illustrated portrait of American author of gothic fiction Edgar Allan Poe

Edgar Allan Poe

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What similarities exist in Edgar Allan Poe's stories?

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In his essay "The Importance of a Single Effect in a Prose Tale," Poe writes that he unifies a piece of writing around mood. He writes not primarily to develop a plot or a character but to convey a feeling or what he calls an "effect."

Most often in his stories, Poe wishes to convey a mood or "effect" of horror. He does this through description and imaginative details that relentlessly build up a sense of unsettling terror. For example, in "The Cask of Amontillado," the reader's awareness that Montresor is plotting revenge and the piling up of creepy details about the cold, damp, bone-filled catacombs through which he leads Fortunato builds a mounting sense of tension and deep unease. Similarly, the ebony clock that stops everyone cold when it ominously tolls the hour in "The Masque of the Red Death," reminding people of their mortality in the middle of a deadly plague, contributes to a sense of horror.

Poe also tightens his effects by using a claustrophobic writing style focused on very few characters and often narrated by a person who is troubled or unstable. Poe sometimes horrifies us by putting us into contact with a fevered mind trying to justify its heinous actions, as in "The Tell-tale Heart," or with a claustrophobic nightmare setting, such as that described by the first-person narrator of "The Pit and the Pendulum."

Further, Poe's stories are alike in being startlingly imaginative and original. As you read, you wonder what kind of mind could be so dark and daring as to imagine cutting the eye out of a black cat, envision a giant razor sharp pendulum cutting a person in two while rats swarm around his food, or describe a house disintegrating and sinking in a tarn when its very strange owner dies?

Poe's stories stand out, despite imitators, as being like nobody else's. You are seldom likely to read one of his stories and then later wonder, who wrote that one? You can't help but remember him because of the vivid impact of his effects.

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Edgar Allan Poe is recognized as the father of the mystery story and also the horror story in American Literature.  Poe's life held so much unhappiness that is it not surprising that he chose to write about the type of characters who killed, maimed, and suffered.

From his parents' early deaths to his adopted father disowning him, Poe seemed to have to search for love and security for the rest of his life.  His life appears to have been one struggle after another, culminating in the abuse of drugs and alcohol. 

His most famous stories are familiar to most American literature students:

"The Cask of Amontillado"

"The Fall of the House of Usher"

"The Tell-Tale Heart"

"The Black Cat

These rank among the great short stories in literature.

What did Poe's stories have in common?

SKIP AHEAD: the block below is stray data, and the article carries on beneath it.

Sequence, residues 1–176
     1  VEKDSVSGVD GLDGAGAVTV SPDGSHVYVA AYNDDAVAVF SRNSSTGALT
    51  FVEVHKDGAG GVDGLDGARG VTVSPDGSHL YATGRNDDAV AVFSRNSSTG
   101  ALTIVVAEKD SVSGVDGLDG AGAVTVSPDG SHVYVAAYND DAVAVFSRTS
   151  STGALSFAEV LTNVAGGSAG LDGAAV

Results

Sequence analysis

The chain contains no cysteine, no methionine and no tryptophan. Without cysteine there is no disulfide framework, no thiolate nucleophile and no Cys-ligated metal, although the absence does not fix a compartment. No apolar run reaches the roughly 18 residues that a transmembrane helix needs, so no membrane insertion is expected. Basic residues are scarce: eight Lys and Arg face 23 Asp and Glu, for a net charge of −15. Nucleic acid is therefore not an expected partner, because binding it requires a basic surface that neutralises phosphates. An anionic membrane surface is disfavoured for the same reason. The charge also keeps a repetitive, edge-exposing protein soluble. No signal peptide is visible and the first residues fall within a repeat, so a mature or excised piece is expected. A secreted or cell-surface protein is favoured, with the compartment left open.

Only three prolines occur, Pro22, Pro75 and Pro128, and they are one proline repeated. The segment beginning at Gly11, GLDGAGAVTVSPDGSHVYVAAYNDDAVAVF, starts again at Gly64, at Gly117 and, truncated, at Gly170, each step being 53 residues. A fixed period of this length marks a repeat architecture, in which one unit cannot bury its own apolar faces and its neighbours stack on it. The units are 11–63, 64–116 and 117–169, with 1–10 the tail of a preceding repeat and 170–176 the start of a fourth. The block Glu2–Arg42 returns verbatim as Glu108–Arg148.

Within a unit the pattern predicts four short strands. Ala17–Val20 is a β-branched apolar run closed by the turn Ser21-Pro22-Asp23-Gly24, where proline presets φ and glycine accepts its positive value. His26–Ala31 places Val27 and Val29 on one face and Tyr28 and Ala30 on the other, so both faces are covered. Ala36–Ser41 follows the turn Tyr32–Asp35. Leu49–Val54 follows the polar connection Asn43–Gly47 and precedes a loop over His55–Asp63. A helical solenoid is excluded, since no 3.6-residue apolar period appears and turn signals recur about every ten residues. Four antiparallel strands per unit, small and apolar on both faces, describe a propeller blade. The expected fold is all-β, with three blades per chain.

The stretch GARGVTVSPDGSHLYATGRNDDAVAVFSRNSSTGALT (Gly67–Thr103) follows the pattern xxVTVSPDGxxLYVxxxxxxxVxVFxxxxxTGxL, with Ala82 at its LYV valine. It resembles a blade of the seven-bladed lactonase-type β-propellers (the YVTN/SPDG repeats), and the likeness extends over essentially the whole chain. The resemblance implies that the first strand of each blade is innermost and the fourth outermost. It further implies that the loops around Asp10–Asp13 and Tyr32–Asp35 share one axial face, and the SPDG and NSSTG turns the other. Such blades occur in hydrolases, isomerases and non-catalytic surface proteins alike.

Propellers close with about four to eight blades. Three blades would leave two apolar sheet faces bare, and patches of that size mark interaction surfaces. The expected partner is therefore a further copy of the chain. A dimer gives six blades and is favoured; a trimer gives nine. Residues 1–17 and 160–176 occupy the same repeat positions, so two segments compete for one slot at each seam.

Mental Illness

Most of Poe's stories examines a psychological problem in one of the main characters.  Many times, it is the narrator or main character that is battling mental illness.

  • Montresor is obsessed with reeking revenge.
  • Roderick Usher is so mentally ill that his senses have become unbearably painful.
  • The nameless murderer in "The Tell-Tale Heart" kills an innocent man because of his vulture eye. 
  • The nameless murderer in "The Black Cat" kills a cat and his innocent wife.

Most of his narrators spend the story trying to convince the reader that they are not insane.

Limited Number of Characters

There are usually a limited number of characters in the stories.  The main exception to this is "The Masque of Red Death." However, there are only two characters that really count in the story: Prince Prospero and the Red Death.

Death Is the Theme

His stories usually have the element of death as a part of the theme of the story.  Just be aware that someone is not going to make it through the story.

  • Montresor kills Fortunato.
  • Roderick unknowingly buries his sister alive. He dies himself at the end of the story.
  • The narrator smothers the old man to death in "The Tell-Tale Heart."
  • The narrator buries an axe in the head of his wife and hangs his beloved cat, Pluto from a tree in the yard.
  • Everyone dies in "The Masque of Red Death."

The Settings

Most of the settings are in the person's home.

  • Montresor takes Fortunato to his home and the catacombs underneath.
  • Roderick's story circulates around his house and its collapse at the end of the story.
  • The narrator kills the old man in the house that belongs to the old man.
  • The narrator in "The Black Cat" kills his wife in the cellar of their home.

Alcohol and Drugs

Most of the main characters have an abuse problem.

  • Fortunato is drunk when he is lured to his death.
  • Roderick takes drugs for his disease.

The writer spoke of acute bodily illness--of a mental disorder which oppressed him...

  • The killer in "The Black Cat" admits to abusing alcohol.

When reason returned with the morning – when I had slept off the fumes of the night's debauch – I experienced a sentiment half of horror, half of remorse, for the crime of which I had been guilty...


The only story that I find any humor in is "The Cask of Amontillado" and Poe's use of irony.  The foolish Fortunato says so many stupid things that his character is humorous as well.

Although there are many commonalities in Poe's stories, each one has its own flavor, interesting characters, and approach to the grotesque.  If anyone is in the mood for a delicious, macabre story, the fabulous Poe is the writer to read.




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